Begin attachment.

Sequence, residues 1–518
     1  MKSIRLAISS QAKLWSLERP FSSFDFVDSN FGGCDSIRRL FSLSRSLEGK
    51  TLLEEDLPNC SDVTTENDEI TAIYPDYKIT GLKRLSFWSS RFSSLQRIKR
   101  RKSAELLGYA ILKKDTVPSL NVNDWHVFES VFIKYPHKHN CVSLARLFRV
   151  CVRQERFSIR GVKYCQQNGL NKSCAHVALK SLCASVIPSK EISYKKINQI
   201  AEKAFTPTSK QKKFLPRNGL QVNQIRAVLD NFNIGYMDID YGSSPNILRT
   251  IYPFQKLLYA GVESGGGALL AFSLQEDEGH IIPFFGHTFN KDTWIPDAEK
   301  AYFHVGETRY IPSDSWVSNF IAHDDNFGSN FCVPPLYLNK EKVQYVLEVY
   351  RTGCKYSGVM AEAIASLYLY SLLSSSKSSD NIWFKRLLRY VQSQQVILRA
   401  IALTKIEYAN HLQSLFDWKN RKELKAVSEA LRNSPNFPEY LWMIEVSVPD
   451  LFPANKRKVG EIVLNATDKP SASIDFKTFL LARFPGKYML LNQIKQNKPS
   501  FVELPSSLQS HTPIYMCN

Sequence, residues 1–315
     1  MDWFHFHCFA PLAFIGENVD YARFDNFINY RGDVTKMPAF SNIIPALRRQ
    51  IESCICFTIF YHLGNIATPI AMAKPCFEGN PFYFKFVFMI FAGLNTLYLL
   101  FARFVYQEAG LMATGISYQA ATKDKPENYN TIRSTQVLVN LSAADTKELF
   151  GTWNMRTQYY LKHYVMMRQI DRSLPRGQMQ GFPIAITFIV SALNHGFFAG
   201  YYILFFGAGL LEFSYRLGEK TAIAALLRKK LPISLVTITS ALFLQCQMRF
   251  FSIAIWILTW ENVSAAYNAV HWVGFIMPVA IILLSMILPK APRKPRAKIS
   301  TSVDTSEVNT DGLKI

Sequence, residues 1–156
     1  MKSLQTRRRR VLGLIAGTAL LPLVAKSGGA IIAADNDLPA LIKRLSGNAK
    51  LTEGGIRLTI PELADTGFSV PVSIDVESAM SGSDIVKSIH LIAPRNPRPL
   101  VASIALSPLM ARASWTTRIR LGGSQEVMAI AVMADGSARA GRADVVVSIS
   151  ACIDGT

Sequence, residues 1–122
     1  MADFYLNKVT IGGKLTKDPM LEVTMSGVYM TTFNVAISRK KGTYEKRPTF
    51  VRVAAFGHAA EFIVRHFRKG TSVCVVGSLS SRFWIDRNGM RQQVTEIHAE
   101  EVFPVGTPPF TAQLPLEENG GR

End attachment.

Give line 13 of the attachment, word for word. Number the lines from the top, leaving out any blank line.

Sequence, residues 1–315